Fielding a Lowball Purchase Offer on Your Home

Fielding a Lowball Purchase Offer on Your Home
Article From BuyAndSell.HouseLogic.com | By: Marcie Geffner

contractConsider before you ignore or outright refuse a very low purchase offer for your home. A counteroffer and negotiation could turn that low purchase offer into a sale.  You just received a purchase offer from someone who wants to buy your home. You're excited and relieved, until you realize the purchase offer is much lower than your asking price. How should you respond? Set aside your emotions, focus on the facts, and prepare a counteroffer that keeps the buyers involved in the deal.


Check your emotions
A purchase offer, even a very low one, means someone wants to purchase your home. Unless the offer is laughably low, it deserves a cordial response, whether that's a counteroffer or an outright rejection. Remain calm and discuss with your real estate agent the many ways you can respond to a lowball purchase offer.

Counter the purchase offer
Unless you've received multiple purchase offers, the best response is to counter the low offer with a price and terms you're willing to accept. Some buyers make a low offer because they think that's customary, they're afraid they'll overpay, or they want to test your limits.


A counteroffer signals that you're willing to negotiate. One strategy for your counteroffer is to lower your price, but remove any concessions such as seller assistance with closing costs, or features such as kitchen appliances that you'd like to take with you.


Consider the terms
Price is paramount for most buyers and sellers, but it's not the only deal point. A low purchase offer might make sense if the contingencies are reasonable, the closing date meets your needs, and the buyer is preapproved for a mortgage. Consider what terms you might change in a counteroffer to make the deal work.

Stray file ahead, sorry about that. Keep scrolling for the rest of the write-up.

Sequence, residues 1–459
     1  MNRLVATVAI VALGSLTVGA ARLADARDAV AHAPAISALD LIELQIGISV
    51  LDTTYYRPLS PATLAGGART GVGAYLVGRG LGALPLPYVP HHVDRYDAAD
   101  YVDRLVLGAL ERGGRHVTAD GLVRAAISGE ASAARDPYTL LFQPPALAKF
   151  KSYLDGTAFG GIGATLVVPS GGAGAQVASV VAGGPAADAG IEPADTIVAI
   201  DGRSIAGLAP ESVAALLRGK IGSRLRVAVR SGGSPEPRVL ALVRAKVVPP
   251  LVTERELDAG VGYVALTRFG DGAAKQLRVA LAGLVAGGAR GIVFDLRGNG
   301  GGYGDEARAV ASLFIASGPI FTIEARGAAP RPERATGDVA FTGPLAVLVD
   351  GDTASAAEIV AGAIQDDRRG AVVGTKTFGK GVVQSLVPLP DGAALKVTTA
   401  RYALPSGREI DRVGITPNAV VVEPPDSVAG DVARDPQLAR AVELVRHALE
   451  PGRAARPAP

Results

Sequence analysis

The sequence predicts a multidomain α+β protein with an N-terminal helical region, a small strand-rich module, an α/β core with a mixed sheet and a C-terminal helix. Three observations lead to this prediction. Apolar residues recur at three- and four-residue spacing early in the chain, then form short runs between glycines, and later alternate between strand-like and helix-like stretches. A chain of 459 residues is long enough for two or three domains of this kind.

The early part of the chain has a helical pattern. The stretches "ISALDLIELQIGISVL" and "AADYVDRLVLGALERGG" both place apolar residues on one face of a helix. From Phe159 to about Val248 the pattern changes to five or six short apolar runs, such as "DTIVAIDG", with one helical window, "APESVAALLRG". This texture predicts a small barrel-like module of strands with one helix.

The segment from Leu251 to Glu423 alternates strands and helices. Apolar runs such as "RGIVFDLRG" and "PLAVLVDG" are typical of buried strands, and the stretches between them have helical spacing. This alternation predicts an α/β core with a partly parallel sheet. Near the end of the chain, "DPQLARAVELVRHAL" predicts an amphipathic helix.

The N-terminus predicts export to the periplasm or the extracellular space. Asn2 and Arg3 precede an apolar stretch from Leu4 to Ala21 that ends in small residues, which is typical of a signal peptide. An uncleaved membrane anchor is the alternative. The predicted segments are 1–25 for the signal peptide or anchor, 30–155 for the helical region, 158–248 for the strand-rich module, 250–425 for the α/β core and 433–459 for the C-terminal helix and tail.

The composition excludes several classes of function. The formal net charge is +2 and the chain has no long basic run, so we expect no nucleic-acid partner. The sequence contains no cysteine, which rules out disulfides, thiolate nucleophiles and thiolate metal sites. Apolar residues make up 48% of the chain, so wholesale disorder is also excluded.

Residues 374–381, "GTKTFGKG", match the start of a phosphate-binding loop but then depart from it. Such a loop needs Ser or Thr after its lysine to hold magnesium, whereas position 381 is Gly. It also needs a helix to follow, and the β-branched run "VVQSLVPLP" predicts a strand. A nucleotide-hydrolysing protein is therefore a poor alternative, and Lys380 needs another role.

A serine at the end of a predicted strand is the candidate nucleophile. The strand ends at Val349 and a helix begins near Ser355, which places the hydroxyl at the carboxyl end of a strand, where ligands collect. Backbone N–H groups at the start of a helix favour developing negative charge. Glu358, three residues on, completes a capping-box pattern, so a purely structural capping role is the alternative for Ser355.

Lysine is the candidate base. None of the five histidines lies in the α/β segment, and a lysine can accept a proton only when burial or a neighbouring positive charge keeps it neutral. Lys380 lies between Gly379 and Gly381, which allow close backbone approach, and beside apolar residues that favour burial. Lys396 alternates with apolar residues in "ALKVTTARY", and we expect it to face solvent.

Review your comps
Ask your REALTOR® whether any homes that are comparable to yours (known as "comps") have been sold or put on the market since your home was listed for sale. If those new comps are at lower prices, you might have to lower your price to match them if you want to sell.


Consider the buyer's comps
Buyers sometimes attach comps to a low offer to try to convince the seller to accept a lower purchase offer. Take a look at those comps. Are the homes similar to yours? If so, your asking price might be unrealistic. If not, you might want to include in your counteroffer information about those homes and your own comps that justify your asking price.


If the buyers don't include comps to justify their low purchase offer, have your real estate agent ask the buyers' agent for those comps.

Get the agents together
If the purchase offer is too low to counter, but you don't have a better option, ask your real estate agent to call the buyer's agent and try to narrow the price gap so that a counteroffer would make sense. Also, ask your real estate agent whether the buyer (or buyer's agent) has a reputation for lowball purchase offers. If that's the case, you might feel freer to reject the offer.


Don't signal desperation
Buyers are sensitive to signs that a seller may be receptive to a low purchase offer. If your home is vacant or your home's listing describes you as a "motivated" seller, you're signaling you're open to a low offer.


If you can remedy the situation, maybe by renting furniture or asking your agent not to mention in your home listing that you're motivated, the next purchase offer you get might be more to your liking.

 


Have a Harry Norman, Realtor negotiate the best price for your home.
Click here to find a Realtor.


This is part 5 of a 5 part series about Getting Your Home Sold. Below are links to the other articles:
Part 1: Keep Your Home Sale from Falling Apart
Part 2: 7 Tips for a Profitable Home Closing
Part 3: 6 Tips for Choosing the Best Offer for Your Home
Part 4: 6 Reasons to Reduce Your Home Price
Part 5: Fielding a Lowball Purchase Offer on Your Home

Marcie Geffner is a freelance reporter who has been writing about real estate, homeownership and mortgages for 20 years. She owns a ranch-style house built in 1941 and updated in the 1990s, in Los Angeles.

Visit houselogic.com for more articles like this. Reprinted from HouseLogic with permission of the NATIONAL ASSOCIATION OF REALTORS®
Copyright 2010. All rights reserved.




to